Salty Sam’s Fun Blog for Children

Number 222

Swan Upping

 

Hello Everyone

 

 

ln the River near Auntie Alice’s cottage, there are many water birds and the largest and most graceful of them all are the swans.  They are the super models of the bird world.

 

You may have heard that all swans belong to the Queen – or at least all the mute swans anyway.

 

The Queen has the right to own all mute swans in open water throughout the United Kingdom if she so wishes.

 

Swans were a very popular food between the 12th and 17th centuries.  They were considered good to eat, so the monarch claimed them as their own to ensure a ready supply – no matter whose land they were on.

 

A tradition called swan upping began in the 12th century and the ceremony took place all over the country.  Now it takes place on the River Thames along the stretch of water that runs through Windsor.  The monarch has retained the right to own swans along certain stretches of the River Thames.

 

The swans are no longer eaten, apart from at an occasional Royal Banquet.  ln fact, they are a protected species.

 

Every July, the swans are rounded up by men in the scarlet uniforms of Her Majesty and some have a swan feather tucked into the front of their cap.  The men are called swan markers.  Even in really hot weather they keep their jackets on!

 

They travel in long, shallow boats called Thames rowing skiffs.  These are adorned with flags.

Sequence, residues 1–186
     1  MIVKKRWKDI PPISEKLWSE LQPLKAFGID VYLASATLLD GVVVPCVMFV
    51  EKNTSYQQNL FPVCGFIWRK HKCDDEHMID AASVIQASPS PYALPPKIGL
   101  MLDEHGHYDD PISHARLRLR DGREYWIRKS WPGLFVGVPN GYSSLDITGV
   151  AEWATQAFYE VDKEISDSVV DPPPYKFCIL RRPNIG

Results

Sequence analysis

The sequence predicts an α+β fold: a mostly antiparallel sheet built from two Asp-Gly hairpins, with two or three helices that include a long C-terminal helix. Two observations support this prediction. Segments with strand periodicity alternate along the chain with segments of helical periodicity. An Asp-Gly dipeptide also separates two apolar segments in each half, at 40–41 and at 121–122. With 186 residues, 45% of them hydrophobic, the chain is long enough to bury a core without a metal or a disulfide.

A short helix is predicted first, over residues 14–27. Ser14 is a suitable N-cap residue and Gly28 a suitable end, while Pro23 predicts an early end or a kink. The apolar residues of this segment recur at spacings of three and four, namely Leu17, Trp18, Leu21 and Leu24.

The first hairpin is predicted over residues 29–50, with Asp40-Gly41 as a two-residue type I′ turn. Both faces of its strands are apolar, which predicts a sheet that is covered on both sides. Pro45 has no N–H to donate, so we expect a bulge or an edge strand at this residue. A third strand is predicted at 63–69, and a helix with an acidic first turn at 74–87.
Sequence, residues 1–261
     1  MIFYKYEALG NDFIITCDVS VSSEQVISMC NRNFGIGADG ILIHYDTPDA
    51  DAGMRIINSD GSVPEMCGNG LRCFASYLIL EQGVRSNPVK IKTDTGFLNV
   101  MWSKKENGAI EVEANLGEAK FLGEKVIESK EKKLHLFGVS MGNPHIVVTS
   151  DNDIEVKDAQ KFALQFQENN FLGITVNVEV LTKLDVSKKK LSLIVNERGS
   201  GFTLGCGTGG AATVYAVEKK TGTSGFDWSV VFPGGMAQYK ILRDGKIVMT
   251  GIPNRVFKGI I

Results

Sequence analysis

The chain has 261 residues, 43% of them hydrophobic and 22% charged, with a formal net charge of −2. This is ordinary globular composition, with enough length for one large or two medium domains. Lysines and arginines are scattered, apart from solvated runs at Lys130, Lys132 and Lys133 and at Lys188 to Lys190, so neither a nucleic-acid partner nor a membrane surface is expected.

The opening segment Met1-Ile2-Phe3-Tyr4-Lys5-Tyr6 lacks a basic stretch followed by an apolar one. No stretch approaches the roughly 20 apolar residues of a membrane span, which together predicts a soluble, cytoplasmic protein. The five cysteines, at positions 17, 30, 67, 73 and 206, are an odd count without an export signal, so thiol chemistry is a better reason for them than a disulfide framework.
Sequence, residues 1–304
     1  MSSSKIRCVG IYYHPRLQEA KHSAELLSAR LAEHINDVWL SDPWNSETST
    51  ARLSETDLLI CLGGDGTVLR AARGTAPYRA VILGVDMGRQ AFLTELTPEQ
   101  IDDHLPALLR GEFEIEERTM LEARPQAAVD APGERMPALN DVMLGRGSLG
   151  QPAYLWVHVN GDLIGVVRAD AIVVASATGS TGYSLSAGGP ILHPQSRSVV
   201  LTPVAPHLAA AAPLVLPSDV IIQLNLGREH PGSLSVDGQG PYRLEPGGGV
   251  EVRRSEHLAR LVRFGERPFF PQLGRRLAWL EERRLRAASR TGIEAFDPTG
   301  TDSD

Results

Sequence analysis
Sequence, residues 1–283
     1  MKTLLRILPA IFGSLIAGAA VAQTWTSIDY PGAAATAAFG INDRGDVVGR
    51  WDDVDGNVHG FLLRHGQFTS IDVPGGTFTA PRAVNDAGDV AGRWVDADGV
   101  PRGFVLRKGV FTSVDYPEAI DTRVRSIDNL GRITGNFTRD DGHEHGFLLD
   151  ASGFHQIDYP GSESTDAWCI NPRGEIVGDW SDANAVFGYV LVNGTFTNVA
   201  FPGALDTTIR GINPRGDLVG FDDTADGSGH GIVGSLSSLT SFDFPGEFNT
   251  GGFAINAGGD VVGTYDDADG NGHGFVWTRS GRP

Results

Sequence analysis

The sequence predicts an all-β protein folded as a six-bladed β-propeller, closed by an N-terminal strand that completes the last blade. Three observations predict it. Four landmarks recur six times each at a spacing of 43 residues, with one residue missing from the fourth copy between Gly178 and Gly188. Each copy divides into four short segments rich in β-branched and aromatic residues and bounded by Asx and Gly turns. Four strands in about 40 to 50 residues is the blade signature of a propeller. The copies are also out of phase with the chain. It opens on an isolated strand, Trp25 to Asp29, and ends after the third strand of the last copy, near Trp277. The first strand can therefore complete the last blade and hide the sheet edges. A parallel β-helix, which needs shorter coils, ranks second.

The boats encircle families of swans and edge ever nearer until the swans are near enough for the men to catch.

 

The swans are bundled up and taken to shore where they are measured, weighed and checked for injuries.

 

The cygnets (baby swans) are at a vulnerable age and checking the swans in this way ensures that they are kept safe and healthy.

 

Swans can be injured by discarded litter or fishing lines and hooks.

 

The skiffs take a five day journey up the river to Abingdon and any swan that they catch on the way is marked with a ring around its leg to show it has been checked and its details have been recorded.  Each ring has individual identification numbers.

 

Each time the swan upping ceremony takes place, the men in the skiffs gather in Romney Lock, in sight of Windsor Castle, and give salute to the Queen.

 

School children are always invited to the ceremony so that they can learn more about swans and their welfare.

 

The swan markers work the rest of the year too.  They help anyone around the country who wants to learn more about how to care for swans.  They also help to clear the stretches of the Thames that will be used for regattas of swans so that the birds will not be harmed whilst people are rowing in the competitions.

 

lf you would like to see this ceremony too, it takes place in the third week of July.

 

On course, there are swans to be found on lakes and rivers all over the country and in other countries too.  ln the Southern Hemisphere swans can have black markings on them.

 

There are some especially clever swans in Wells, (the smallest city in England).

 

ln 1875, the Bishop of Wells’ daughter taught the swans swimming in the moat around the palace to ring a bell when they wanted some food.

 

And every generation since, has taught their babies, from the age of about one month old, to ring the bell too.

 

Even today, the swans swim up to the gatehouse of the palace every morning and pull on the string which is attached to the bell with their beak.